Either way, it seems unlikely that the plaintiffs will prevail when this case gets to the Supreme Court. Even if the justices agree to look beyond the text of the order, the evidence cited by the 4th Circuit is not enough to establish either that the reason for Trump's order is not bona fide or that the travel ban unconstitutionally discriminates against Muslims (two propositions that amount to essentially the same thing in the appeals court's analysis).

As a presidential candidate, Trump openly and repeatedly recommended "a total and complete shutdown of Muslims entering the United States," suggesting that "Islam hates us" and "we can't allow people coming into the country who have this hatred." According to the plaintiffs challenging the travel ban, Trump never really abandoned the idea of using religion to screen travelers. Instead he recast his ban based on religion as a ban based on national origin, at first vaguely referring to countries "compromised by terrorism" and eventually focusing on six (Iran, Libya, Somalia, Sudan, Syria, and Yemen). The executive order says these countries are particularly problematic because they sponsor terrorism or provide havens for terrorists and lack adquate vetting procedures for travelers. But the plaintiffs argue that as far as Trump is concerned, the most salient characteristic of these countries is that their populations are overwhelmingly Muslim.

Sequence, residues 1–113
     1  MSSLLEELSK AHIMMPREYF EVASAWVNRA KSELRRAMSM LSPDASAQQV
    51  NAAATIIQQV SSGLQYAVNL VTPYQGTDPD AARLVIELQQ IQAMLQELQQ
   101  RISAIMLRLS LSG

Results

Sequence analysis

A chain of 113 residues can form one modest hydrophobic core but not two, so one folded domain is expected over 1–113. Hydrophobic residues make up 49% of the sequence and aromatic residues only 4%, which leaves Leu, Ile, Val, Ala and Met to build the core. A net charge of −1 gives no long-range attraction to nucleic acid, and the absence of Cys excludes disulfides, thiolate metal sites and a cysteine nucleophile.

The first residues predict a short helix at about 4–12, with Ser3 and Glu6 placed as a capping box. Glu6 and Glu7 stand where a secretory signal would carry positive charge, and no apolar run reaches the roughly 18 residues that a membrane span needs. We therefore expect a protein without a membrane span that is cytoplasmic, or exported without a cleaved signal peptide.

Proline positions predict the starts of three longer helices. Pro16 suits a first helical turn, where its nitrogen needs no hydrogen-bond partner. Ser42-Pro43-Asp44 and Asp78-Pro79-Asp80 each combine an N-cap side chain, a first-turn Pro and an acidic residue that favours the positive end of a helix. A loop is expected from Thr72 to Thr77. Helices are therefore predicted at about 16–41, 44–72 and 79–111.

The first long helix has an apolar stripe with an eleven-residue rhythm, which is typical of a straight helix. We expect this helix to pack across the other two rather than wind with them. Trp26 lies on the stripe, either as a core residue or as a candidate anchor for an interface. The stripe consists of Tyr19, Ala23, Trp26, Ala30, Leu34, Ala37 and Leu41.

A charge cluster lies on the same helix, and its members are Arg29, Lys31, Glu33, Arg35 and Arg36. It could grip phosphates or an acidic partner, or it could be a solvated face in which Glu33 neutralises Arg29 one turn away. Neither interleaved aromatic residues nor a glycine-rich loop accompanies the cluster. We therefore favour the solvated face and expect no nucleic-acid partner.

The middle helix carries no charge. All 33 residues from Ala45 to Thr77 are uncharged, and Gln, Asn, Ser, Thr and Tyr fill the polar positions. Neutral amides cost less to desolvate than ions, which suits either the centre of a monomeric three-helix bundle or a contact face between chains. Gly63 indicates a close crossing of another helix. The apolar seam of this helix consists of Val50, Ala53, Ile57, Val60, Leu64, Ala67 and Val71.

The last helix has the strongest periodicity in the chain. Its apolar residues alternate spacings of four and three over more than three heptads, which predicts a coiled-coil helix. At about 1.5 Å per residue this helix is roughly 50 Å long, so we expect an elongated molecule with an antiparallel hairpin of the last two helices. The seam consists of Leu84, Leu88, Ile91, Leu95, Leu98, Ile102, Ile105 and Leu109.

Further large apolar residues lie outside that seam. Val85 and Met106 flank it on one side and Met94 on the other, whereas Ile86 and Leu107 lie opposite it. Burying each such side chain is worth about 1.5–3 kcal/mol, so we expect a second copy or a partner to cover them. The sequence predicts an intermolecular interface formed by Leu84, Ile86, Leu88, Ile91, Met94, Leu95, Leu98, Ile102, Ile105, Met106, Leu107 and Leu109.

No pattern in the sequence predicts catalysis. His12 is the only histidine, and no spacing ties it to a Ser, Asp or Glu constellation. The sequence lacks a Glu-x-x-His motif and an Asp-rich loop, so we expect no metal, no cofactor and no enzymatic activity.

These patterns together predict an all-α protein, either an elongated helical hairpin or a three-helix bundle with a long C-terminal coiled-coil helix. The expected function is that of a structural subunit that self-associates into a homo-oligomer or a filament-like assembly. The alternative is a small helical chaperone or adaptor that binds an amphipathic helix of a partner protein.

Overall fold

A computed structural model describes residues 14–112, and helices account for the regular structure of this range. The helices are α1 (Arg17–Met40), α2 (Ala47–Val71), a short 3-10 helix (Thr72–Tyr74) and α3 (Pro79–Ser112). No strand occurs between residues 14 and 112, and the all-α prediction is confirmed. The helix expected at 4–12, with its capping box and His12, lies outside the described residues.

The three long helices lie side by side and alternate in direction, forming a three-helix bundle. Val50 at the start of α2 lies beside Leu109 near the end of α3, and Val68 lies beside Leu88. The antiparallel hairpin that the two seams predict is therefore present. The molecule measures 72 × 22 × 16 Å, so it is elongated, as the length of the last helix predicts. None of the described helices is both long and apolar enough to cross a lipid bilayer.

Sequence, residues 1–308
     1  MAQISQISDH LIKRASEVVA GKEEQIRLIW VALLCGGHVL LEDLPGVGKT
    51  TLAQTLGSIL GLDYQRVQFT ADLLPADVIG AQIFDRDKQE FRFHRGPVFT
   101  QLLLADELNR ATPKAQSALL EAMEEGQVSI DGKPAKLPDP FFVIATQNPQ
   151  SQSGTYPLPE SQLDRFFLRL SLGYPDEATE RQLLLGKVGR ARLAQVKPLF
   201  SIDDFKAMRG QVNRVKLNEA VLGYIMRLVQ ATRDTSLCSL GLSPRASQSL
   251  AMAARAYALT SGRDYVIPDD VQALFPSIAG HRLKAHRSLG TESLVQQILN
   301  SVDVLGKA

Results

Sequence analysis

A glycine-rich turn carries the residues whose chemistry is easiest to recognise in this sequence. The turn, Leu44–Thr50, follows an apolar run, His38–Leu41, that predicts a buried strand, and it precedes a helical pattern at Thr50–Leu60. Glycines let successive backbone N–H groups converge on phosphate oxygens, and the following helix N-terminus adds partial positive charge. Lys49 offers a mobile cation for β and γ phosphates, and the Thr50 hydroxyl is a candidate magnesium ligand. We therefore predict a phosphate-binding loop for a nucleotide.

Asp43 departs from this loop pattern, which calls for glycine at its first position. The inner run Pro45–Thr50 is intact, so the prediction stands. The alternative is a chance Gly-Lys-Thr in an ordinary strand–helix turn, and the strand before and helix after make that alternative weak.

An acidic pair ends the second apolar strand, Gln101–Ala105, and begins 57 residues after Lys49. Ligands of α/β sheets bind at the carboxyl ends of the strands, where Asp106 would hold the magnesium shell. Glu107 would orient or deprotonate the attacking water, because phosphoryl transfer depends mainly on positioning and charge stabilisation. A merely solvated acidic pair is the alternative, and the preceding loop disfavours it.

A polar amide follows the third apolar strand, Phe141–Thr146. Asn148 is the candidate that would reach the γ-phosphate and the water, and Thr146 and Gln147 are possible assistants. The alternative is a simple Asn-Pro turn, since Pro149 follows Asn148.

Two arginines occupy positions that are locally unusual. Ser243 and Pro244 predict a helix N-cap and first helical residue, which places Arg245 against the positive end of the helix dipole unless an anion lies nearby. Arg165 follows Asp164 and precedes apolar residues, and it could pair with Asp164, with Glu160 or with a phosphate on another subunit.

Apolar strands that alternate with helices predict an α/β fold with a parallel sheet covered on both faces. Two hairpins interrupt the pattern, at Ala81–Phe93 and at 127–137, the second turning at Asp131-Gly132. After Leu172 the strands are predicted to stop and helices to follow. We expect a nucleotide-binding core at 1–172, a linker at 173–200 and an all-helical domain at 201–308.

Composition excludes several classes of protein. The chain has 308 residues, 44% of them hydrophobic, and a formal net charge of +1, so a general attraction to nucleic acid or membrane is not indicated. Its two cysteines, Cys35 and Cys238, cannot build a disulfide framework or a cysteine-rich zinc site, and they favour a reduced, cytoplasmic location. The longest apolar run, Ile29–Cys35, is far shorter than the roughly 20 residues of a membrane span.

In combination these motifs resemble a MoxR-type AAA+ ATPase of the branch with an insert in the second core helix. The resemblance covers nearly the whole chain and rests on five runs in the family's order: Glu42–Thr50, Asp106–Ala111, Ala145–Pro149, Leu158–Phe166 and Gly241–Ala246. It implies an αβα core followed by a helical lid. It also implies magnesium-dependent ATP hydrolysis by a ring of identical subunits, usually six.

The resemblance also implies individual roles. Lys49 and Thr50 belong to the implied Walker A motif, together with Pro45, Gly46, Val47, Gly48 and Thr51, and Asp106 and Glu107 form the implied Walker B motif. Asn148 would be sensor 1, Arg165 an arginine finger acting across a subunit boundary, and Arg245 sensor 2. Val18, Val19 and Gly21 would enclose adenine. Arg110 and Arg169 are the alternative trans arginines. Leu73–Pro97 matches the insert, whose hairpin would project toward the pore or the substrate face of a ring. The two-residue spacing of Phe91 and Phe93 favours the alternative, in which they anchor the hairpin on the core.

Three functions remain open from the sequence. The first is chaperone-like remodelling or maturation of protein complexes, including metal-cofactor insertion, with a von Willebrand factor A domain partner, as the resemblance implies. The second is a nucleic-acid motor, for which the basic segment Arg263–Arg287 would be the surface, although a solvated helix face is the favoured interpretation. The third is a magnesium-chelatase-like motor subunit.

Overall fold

That story is consistent with the public statements cited by the 4th Circuit. But so is another story: Trump reconsidered his rash campaign rhetoric and settled on a narrower, more defensible approach. The same statements that Trump's critics cite as evidence of subterfuge—e.g., "I'm talking territory instead of Muslim" or "The Muslim ban is something that in some form has morphed into a[n] extreme vetting from certain areas of the world"—can also be seen as evidence of substantive evolution in his position. After Trump's first executive order was blocked by the courts, he narrowed his policy further, clarifying that the travel ban does not apply to legal permanent residents or current visa holders, cutting the list of countries from seven to six, eliminating an indefinite ban on refugees from Syria, and striking a preference for refugees facing religious persecution.